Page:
Determining approaches to FRTB: weighing up the capital efficiencies

FRTB implementation: spotlight 2023

The Fundamental Review of the Trading Book (FRTB) will begin replacing existing rules for market risk capital in major financial jurisdictions from 2024, with the US and Europe targeting 2025 as the compliance date. FRTB is intended to be more flexible and to better capture the risk of a bank’s portfolio of trading book positions, but it introduces significant technical and operational challenges for banks on the path to compliance.

Approval for the internal model approach (IMA) depends on passing backtesting requirements and the profit-and-loss attribution (PLA) test. If banks are unable to pass this test, they must use the regulator-set sensitivities-based approach (SBA) as part of the standardised approach (SA), which usually results in higher capital requirements. However, bank simulations suggest the IMA tests will be difficult to pass, prompting fears many trading desks will end up using the SBA by default.

Even when desks qualify for the IMA, some risk factors may be deemed non-modellable (NMRFs), which results in capital add-ons. Banks therefore need to source sufficient transaction data to prove that risk factors can be modelled adequately, which can be very costly. Furthermore, banks are trying to implement their models against a backdrop of regulatory uncertainty and fragmented timelines which is making it much more difficult to seek IMA approval.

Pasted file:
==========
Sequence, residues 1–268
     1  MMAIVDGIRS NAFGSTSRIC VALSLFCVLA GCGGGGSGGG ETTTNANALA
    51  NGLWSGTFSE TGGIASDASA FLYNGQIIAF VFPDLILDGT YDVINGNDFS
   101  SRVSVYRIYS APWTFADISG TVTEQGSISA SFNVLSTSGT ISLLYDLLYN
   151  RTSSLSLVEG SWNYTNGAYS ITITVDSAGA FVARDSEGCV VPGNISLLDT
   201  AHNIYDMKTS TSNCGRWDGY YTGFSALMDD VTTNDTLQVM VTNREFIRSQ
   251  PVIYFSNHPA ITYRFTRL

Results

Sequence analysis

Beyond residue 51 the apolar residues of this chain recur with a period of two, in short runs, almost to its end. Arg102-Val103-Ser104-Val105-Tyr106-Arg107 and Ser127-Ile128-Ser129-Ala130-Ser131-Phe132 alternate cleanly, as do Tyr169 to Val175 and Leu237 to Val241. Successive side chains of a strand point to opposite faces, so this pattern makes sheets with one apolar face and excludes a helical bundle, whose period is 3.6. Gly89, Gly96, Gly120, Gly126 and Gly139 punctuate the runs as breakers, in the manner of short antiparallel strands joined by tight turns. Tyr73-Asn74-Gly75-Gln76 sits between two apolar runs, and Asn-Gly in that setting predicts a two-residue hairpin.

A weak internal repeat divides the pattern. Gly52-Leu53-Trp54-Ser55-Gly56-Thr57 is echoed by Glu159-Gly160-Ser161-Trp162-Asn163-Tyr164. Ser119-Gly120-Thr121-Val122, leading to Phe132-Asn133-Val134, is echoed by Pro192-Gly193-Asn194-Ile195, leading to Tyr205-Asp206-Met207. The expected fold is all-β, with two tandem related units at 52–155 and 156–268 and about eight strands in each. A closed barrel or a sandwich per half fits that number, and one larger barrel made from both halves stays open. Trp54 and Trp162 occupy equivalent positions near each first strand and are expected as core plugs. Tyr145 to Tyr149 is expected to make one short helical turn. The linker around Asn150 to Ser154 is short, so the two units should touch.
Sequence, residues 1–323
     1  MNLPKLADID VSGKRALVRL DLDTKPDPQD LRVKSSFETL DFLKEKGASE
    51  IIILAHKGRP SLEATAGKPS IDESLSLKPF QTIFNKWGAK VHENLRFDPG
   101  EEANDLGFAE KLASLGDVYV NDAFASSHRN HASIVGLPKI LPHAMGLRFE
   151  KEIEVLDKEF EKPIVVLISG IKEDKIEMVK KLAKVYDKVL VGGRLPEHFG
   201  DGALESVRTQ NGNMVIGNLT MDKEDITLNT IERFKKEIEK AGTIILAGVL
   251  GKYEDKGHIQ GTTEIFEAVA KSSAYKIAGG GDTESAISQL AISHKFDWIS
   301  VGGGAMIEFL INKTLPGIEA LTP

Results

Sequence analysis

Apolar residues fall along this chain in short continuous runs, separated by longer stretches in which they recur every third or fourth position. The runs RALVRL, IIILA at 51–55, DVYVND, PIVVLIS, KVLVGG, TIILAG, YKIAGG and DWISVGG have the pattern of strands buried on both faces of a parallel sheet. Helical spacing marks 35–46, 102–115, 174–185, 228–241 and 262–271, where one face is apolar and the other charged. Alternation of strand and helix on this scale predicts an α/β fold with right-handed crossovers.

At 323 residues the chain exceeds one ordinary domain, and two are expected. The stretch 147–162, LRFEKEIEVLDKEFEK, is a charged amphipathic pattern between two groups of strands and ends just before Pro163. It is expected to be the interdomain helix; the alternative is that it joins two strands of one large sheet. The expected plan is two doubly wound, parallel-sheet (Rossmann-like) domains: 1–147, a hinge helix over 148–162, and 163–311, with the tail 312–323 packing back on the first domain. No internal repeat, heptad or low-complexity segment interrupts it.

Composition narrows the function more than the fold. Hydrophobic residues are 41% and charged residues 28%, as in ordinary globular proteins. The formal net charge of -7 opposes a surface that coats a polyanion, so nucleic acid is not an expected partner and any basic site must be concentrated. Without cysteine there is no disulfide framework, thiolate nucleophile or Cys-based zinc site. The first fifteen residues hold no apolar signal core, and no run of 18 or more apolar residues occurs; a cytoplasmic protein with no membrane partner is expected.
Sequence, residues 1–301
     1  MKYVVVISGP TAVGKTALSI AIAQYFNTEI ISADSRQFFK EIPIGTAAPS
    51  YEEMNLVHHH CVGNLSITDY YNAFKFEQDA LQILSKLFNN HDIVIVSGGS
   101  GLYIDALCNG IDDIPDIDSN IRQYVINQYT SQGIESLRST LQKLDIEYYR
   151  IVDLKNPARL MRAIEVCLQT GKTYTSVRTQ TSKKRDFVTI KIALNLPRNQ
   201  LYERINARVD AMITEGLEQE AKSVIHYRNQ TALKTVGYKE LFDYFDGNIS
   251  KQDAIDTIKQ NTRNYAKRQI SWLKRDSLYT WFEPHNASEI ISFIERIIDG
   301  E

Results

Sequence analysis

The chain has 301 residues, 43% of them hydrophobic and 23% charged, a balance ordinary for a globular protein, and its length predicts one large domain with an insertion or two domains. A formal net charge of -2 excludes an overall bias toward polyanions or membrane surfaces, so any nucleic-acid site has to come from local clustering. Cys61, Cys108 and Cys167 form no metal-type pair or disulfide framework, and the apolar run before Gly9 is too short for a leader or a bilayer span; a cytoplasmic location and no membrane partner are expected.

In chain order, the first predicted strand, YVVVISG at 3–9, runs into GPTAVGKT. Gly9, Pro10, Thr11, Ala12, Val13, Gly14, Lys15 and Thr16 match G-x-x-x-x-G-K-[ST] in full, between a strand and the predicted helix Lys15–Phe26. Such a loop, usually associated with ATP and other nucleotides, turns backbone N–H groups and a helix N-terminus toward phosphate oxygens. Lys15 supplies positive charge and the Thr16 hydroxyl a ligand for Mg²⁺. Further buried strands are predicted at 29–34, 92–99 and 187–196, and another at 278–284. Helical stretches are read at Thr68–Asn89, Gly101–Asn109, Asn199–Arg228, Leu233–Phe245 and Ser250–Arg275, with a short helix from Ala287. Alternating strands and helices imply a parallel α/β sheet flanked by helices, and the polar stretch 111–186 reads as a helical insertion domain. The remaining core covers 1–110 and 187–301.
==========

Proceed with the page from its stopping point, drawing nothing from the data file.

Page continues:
Participants must also navigate various pitfalls arising from jurisdictional differences. For example, the new FRTB credit valuation adjustment provides market risk carve-outs for hedges of counterparty credit risk exposures. However, European rules provide no such mitigant for the hedging of funding valuation adjustments, which could result in higher capital charges for dealers.

Industry experts discuss these issues and the considerations for banks in using the SA and the IMA, the burden of investment into data and infrastructure for both, and how vendors are adapting solutions to weigh up the capital efficiencies of both approaches, as well as strategies and tools for PLA and risk factor eligibility tests.

Their views indicate that many banks are aiming to implement the SA first and leave decisions about applying for IMA approval applications until they have built up their capabilities. Some banks are unsure there is a justifiable business case in applying for the IMA. Others want to assess the viability of the IMA for each desk. Vendors are positioning themselves to help banks compare the capital requirements from both methodologies.

Successful implementation of the IMA should allow banks to allocate capital more efficiently. Banks and vendors are trying a plethora of modelling and data tools and strategies to pass the PLA tests and reduce the number of NMRFs but, ultimately, the capital savings might not justify the significant investment in data and infrastructure. Many of these challenges have already been resolved for the SA or are being alleviated; however, the IMA is likely to remain a problematical area in the coming years.

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